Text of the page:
The very real threat of radiation contamination has been felt the world over since the 9.0-magnitude earthquake and tsunami caused a nuclear disaster at Japan’s Fukushima power plant. In July experts are predicting radiation levels from the disaster could double and with new headlines reporting high levels of radioactive cesium in cattle, airports are beginning to fully realise the risk and are stepping up efforts to ensure effective radiation detection and management.
The radiation threat exists in many different forms and fixed systems at airports to detect incoming radiation levels – whether from passengers or cargo – are going to become commonplace.
While detection systems do exist around the world today, a major criticism of existing radiation detection systems has been they are overly sensitive and cause too many false alarms. For example, cargo medical shipments can contain a low level of radiation.
In March 2011 two American Airlines planes arriving from Tokyo triggered the radiation detection alarms in Dallas and Chicago, but no threat existed. Passengers can also sometimes set off detection systems as a result of receiving medical treatment for illnesses, such as cancer.
One company that believes it has solved the problem of radiation detectors giving false alarms is Environics, a global provider of CBRN (chemical, biological, radiological, nuclear) monitoring solutions. Having been very successful with its range of portable radiation detectors, following a three-year development programme the company will now see its new fixed system implemented into Helsinki-Vantaa Airport by the end of 2011.
The system includes server software, 30 RanidPORT portal monitors, a database, a data exchanger (for immediate action) and an integrated camera server for recording video data.
Frances Cook caught up with Ahti Luukkonen, VP of sales and marketing at Environics, to find out more about this system and how it will assist the airport with its radiation detection goals.
Frances Cook: Who did Environics work with to get this complex fixed radiation detection system developed?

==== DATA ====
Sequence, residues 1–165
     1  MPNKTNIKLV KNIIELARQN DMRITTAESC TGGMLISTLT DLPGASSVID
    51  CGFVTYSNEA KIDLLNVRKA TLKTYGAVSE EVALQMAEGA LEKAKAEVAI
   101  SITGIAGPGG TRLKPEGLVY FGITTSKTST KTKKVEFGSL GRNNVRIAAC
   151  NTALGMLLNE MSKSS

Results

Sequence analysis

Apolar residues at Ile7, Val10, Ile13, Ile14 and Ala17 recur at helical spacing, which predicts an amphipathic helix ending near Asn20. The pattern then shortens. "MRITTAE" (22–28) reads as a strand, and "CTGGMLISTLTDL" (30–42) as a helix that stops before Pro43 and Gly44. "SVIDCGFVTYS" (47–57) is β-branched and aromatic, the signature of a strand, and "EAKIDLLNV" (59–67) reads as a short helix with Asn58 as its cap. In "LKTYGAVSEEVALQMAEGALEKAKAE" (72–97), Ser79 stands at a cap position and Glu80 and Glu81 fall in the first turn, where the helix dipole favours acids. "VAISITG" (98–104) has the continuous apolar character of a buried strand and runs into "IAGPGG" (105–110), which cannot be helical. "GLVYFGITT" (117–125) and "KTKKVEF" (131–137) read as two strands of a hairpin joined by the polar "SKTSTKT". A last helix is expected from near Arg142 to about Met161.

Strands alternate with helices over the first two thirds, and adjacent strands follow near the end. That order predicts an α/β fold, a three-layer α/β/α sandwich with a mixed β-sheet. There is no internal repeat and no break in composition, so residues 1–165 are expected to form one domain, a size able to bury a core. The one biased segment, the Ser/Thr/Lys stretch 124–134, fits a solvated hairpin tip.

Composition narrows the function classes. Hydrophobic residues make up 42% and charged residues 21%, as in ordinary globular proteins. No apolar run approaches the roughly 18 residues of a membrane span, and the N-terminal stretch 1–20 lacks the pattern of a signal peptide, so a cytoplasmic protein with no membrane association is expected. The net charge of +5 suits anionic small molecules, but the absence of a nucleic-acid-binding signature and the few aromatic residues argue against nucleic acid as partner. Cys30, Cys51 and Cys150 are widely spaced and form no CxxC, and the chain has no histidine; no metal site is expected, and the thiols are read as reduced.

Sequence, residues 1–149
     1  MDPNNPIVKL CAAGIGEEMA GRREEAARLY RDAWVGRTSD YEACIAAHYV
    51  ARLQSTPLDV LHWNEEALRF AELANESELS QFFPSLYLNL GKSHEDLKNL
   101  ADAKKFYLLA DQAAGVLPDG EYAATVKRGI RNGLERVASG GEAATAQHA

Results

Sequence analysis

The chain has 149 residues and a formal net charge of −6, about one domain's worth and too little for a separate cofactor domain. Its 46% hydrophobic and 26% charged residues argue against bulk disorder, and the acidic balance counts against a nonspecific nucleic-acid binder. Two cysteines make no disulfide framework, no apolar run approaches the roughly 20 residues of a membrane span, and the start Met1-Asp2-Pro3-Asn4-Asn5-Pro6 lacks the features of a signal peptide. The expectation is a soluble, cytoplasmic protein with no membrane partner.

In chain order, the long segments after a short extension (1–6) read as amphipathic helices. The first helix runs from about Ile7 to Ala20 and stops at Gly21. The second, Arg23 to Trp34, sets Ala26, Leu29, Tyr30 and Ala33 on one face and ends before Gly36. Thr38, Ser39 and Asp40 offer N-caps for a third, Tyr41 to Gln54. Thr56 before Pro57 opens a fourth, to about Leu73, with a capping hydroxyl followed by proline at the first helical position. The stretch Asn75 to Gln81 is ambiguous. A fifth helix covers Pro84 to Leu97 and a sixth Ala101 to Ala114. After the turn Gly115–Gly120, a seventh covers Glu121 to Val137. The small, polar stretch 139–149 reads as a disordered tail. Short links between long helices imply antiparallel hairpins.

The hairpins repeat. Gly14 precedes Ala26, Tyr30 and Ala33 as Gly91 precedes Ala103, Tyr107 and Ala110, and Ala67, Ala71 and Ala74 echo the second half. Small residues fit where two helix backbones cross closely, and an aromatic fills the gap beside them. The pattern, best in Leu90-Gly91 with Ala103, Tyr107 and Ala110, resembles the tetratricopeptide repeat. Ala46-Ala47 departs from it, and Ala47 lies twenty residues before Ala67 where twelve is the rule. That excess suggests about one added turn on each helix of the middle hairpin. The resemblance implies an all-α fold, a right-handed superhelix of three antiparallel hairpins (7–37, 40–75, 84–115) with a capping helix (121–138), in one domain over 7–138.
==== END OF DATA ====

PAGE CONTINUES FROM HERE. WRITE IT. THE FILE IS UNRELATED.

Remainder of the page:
Ahti Luukkonen: The Helsinki-Vantaa Airport radiation monitoring system is a joint project with Finnish Radiation and Nuclear Authority (STUK) and Finnish Custom. Our customer is STUK and the end-user of the system is Custom. Obviously STUK provides their experience and core competences for radiation monitoring in the country.
FC: Will the detection system monitor radiation in both passengers and cargo shipments?
AL: The detection system will be used to detect radiation threats for customers entering the country, including the hand luggage, and also cargo that is incoming as well as outgoing. For example, there is cargo coming from Russia by truck so the trucks are driving from Russia to Finland to Helsinki airport, so that cargo is checked because it’s coming from outside.
FC: What makes your system so unique?
AL: The system is unique in Europe because it has been designed to avoid so-called false positive alarms that can occur so frequently when scanning for radiation in airports.
For example, if you’ve had cancer treatment in a hospital you could be radiating because of that. We can identify if the level of radiation is dangerous or not dangerous – it identifies different levels as a result of the sensors we are using and the algorithms we have developed, which are very sophisticated.
My understanding is they had this kind of monitoring system in Austria but they stopped using it because it caused so many false positive alarms. I think 20 out of 10,000 people get cancer treatment and are radiating, so if you imagine the number of people going through airports you can imagine the hundreds of thousands that have had cancer treatment.
FC: What other aspects of your monitoring system make it effective?
AL: Another unique aspect of the system is that it provides online information to experts, so as soon as there is an alarm the system will send a message to experts at the local authorities. They can decide if it is something to follow up or something the authorities in the airport should stop.
FC: How long has it taken and how much has it cost to develop this system?
AL: We have been developing this system for two to three years in good collaboration with Finnish Radiation and Nuclear Authorities, STUK. Actually we bought the product rights for this software from STUK.
The value of the project, which was open public procurement and part of a tender procedure, is €650,000. That figure is what the tendering process costs: the software and hardware. It is the cost of the basic system.
FC: When is it going to be up and running in Helsinki-Vantaa Airport?
AL: We’ll start the release in September, when everything will hopefully be finalized, and we will start integration in October; then we’ll be running a trial and it should be in operation by the end of this year.
FC: Has the company produced a system on this scale before and how could it be developed further?
AL: This is the first time the company has developed a big radiation monitoring system like this for installation in an airport. We have experience with the mobile radiation detention and identification system RanidPro200, which is used by field operating authorities. RanidPro200 uses the same software as the mobile system, which provided a lot of ground work for this fixed system.
The Helsinki-Vantaa radiation monitoring system can be easily expanded to cover Environics’ fixed chemical and biological detectors thanks to our versatile EnviScreen on-line monitoring software. The system is also fully scaleable from small systems up to a nationwide monitoring system.